For far too long, Baltimore has been forced to bear the burden of failed development that pollutes the city, causes disproportionate health impacts, and forces residents out of their communities. But now, offshore wind presents the city with an opportunity to become a manufacturing hub for clean energy.
South Baltimore is host to a slew of polluting and dangerous developments, including a 200-acre coal pier, medical waste incinerator, and numerous chemical and pesticide plants. It is also home to a crude oil shipping terminal. “Bomb trains” carrying explosive crude oil from North Dakota travel through the city, and many stop at the NuStar Energy Storage Terminal in Fairfield to transfer oil from rail to barge in order to ship it to refineries in the Northeast.
From 2013 to 2014, over 100 million gallons of crude oil were transported into Baltimore by rail to be offloaded and shipped to refineries. Transporting crude by rail puts 165,000 people in the “blast zone” in Baltimore – the area that could be directly impacted if a train were to derail and explode. Bakken crude oil is highly volatile and transporting it by rail has had devastating consequences, most notably the 2013 derailment and explosion in Lac-Mégantic, Quebec that killed 47 people and leveled the town.
There have been close calls in Baltimore in recent years. Last June, a train carrying acetone derailed in the Howard Street Tunnel right next to the Maryland Institute College of Art (MICA) — my alma mater. A school parking lot was filled with emergency vehicles for over a week while the derailment was contained. Last month, eight cars on a CSX freight train derailed on a sharp curve in Frederick County. While nothing spilled, the train was carrying hazardous materials and was traveling the same route that crude oil trains have been known to take to reach Baltimore.
And two weeks ago, a fire broke out in a scrap yard in Fairfield just across the street from the oil train shipping terminal there. The fire was contained, but once again, Baltimoreans were faced with a terrifying “what if” scenario had the fire reached the terminal.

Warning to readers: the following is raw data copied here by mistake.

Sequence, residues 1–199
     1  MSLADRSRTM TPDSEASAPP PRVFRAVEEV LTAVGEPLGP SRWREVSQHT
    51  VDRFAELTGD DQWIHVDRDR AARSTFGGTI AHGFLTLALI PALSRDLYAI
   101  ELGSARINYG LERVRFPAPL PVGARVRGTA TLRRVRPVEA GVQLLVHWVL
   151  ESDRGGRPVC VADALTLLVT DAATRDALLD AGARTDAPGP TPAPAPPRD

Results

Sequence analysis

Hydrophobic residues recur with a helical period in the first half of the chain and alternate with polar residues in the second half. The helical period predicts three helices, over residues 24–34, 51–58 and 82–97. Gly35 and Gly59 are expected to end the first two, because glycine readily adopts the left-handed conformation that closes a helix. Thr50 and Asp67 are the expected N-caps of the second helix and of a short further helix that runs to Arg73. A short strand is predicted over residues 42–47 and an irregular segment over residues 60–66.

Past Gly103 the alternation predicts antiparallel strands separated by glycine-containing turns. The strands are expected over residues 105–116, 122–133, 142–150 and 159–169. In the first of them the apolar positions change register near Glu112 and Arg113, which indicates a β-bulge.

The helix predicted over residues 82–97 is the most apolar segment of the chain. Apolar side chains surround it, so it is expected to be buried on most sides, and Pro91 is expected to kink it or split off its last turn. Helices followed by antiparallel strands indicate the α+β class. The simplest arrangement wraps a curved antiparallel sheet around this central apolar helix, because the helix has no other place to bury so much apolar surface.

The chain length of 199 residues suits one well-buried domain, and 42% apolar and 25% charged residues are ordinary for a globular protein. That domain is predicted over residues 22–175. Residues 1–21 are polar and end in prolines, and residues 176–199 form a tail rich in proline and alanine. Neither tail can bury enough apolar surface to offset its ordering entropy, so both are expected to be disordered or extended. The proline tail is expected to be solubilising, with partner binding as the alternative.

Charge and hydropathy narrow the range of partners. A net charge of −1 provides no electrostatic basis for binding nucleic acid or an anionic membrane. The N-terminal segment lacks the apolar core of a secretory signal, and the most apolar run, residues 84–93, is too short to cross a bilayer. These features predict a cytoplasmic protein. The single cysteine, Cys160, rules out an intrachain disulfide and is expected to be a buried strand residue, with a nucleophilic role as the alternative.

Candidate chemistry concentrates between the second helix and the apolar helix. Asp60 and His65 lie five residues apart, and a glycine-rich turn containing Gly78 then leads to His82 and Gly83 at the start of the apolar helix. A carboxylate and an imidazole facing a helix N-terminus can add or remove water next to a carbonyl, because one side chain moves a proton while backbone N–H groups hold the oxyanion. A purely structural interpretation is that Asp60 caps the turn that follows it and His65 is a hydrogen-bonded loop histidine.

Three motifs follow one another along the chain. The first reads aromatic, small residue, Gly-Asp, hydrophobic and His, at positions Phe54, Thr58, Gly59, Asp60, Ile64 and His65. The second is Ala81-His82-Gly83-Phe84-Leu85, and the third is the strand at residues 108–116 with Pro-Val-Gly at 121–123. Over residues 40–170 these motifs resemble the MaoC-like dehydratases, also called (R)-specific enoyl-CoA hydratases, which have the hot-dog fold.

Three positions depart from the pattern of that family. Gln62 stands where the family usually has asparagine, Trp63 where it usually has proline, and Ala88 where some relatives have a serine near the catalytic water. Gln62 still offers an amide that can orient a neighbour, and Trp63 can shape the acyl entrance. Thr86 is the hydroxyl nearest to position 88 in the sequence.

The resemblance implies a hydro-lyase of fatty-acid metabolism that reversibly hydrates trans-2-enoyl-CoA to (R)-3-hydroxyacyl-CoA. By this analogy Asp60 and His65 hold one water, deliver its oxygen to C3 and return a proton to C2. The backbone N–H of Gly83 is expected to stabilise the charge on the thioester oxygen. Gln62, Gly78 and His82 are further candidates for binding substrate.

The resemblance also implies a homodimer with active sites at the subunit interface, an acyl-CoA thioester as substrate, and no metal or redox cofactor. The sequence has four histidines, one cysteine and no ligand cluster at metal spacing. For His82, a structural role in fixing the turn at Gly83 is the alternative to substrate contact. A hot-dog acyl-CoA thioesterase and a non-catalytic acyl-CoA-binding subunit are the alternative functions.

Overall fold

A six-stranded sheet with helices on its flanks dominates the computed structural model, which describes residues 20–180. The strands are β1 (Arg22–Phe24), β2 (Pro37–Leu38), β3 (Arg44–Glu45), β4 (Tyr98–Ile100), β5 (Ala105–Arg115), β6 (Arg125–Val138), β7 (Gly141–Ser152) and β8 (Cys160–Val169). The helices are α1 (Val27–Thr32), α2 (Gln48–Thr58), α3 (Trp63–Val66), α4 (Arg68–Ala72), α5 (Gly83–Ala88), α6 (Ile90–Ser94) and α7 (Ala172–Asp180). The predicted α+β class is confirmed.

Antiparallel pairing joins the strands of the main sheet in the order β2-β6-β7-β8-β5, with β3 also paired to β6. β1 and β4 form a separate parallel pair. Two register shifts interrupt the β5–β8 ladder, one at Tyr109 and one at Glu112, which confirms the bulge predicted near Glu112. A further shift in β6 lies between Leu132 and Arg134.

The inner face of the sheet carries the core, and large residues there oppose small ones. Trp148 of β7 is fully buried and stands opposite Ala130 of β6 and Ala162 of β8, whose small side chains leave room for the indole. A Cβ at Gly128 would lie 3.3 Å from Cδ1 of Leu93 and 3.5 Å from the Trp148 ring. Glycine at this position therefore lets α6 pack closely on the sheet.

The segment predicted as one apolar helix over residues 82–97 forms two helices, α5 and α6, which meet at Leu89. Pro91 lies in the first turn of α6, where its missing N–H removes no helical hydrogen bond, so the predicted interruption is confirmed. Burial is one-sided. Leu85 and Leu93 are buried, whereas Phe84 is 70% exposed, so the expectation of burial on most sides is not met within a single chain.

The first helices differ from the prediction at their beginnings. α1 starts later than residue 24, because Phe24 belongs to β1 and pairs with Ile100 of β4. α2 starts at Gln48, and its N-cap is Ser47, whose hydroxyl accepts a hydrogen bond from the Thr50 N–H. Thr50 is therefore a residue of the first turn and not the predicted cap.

These close calls, along with the string of derailments, fires, and explosions caused by oil trains across the country, demonstrate that transporting crude by rail is an unacceptable gamble that endangers people who live, work, and go to school near the tracks.
Meanwhile, it is clear that Marylanders are ready for clean energy.
Last month, the state held two public hearings in Berlin and Annapolis where residents showed up in droves to voice their support for offshore wind farm proposals.
Throughout the three-hour hearing in Berlin, person after person got up in front of the packed auditorium to speak about how offshore wind will help clean Maryland’s air, provide a reliable source of renewable energy, and create thousands of jobs across the state. Union members were a strong presence at the hearing, from piledrivers to carpenters, all of whom stand to benefit from the potential manufacturing and construction jobs across the state. And as a Baltimorean, talk of repurposing Sparrows Point into a wind turbine manufacturing hub was particularly exciting.
Instead of continuing to invest in failed development that brings polluting and dangerous materials like explosive crude oil into the heart of the city, Baltimore has an opportunity to become a central hub for clean energy jobs and fair development. Offshore wind offers one exciting pathway for a just transition in Baltimore where the city can move away from the polluting, dangerous fossil fuel industries of the past and become a clean energy powerhouse.
Tell the Public Service Commission to approve offshore wind in Maryland to help make this fair development future a reality in Baltimore.
Image at top from Sandia National Laboratories.